Now spring has come again, the season that’s best for hope. Post-Lenten promises are fresh as a baby’s breathing, and the failures that eventually spoil them are as far away as the height of summer’s heat.
Hope can make us believe in endings as well as beginnings, in the idea that we can accomplish the hard tasks of life and see them to the finish.
“It will get done,” says hope, settling a resolve into our hearts. “Despite all, it will get done.”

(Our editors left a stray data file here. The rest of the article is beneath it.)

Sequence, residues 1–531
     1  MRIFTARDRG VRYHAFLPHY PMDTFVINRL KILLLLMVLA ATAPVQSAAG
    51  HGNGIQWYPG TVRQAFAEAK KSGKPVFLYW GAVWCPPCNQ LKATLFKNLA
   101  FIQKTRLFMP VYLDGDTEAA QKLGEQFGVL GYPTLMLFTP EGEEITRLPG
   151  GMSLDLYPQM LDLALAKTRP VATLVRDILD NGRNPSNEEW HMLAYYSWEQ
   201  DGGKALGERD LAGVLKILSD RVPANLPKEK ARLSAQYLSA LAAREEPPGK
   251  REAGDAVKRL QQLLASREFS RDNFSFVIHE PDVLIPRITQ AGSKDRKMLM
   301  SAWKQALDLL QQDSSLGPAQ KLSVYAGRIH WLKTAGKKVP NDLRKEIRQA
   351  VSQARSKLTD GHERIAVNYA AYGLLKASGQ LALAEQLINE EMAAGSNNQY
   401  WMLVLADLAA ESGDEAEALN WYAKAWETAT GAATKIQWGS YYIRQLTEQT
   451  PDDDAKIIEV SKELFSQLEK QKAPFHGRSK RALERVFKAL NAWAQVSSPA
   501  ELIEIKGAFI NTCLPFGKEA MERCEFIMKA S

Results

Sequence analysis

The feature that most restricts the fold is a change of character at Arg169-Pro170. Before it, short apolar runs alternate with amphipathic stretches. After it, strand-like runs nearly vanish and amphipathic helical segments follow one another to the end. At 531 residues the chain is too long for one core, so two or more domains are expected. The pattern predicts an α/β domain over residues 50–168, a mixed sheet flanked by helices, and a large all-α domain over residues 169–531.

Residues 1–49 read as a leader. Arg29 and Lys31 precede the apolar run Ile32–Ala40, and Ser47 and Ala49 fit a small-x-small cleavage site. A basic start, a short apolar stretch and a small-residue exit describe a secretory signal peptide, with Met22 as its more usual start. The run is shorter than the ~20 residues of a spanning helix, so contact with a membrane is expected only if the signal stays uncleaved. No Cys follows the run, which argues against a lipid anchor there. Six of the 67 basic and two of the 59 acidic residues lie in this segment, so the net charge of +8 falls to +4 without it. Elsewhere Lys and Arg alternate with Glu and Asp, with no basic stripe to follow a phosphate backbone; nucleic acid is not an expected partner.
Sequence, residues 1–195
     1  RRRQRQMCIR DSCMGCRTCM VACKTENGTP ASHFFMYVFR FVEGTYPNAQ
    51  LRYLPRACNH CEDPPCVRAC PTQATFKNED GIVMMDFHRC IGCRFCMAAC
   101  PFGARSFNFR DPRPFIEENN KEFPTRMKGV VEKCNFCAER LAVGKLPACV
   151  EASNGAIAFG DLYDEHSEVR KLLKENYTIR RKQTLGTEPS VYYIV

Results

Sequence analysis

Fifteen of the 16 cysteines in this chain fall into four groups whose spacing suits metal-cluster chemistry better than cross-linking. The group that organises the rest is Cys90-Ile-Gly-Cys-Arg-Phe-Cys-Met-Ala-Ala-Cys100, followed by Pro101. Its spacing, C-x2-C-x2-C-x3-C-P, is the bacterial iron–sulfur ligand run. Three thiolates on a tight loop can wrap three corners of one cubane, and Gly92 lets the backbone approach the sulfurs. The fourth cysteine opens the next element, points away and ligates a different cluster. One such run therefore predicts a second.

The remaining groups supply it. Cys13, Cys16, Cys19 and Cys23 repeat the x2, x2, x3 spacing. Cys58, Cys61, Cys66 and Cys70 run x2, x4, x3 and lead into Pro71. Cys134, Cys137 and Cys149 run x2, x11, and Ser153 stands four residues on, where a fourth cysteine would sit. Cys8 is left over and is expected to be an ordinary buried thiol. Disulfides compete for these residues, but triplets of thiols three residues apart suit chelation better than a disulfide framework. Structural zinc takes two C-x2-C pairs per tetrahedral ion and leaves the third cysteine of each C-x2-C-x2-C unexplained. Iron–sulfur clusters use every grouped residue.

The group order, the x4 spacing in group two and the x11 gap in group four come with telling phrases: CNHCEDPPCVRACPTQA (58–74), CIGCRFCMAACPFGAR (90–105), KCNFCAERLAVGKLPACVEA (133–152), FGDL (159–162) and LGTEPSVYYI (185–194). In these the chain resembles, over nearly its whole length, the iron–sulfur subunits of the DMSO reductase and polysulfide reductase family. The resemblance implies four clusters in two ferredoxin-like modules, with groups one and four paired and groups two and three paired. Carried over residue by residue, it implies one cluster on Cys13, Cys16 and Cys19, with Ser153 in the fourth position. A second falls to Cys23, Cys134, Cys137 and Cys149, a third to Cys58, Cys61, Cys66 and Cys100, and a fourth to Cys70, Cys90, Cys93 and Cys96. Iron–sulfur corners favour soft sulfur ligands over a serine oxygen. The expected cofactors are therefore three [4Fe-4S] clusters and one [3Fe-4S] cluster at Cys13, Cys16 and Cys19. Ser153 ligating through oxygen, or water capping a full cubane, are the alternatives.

However, as usual, I get pensive about things coming to a close. When years of labor spent in achieving something are about to meet resolution, there’s part of me that puts on the brakes—not strong enough to stop the momentum, but strong enough to set my mind churning.
“What now?” becomes the question. Achievement ends purpose, and purpose gives meaning. When foundering around for purpose, we can’t help but feel disoriented.
I’ve heard people express what I’m describing along these lines: “Without what I’ve been doing for so long, I expect I’ll be a bit lost.” And that feeling is all the more profound when the end is an event more necessary than relished, more required than sought. [Read more…]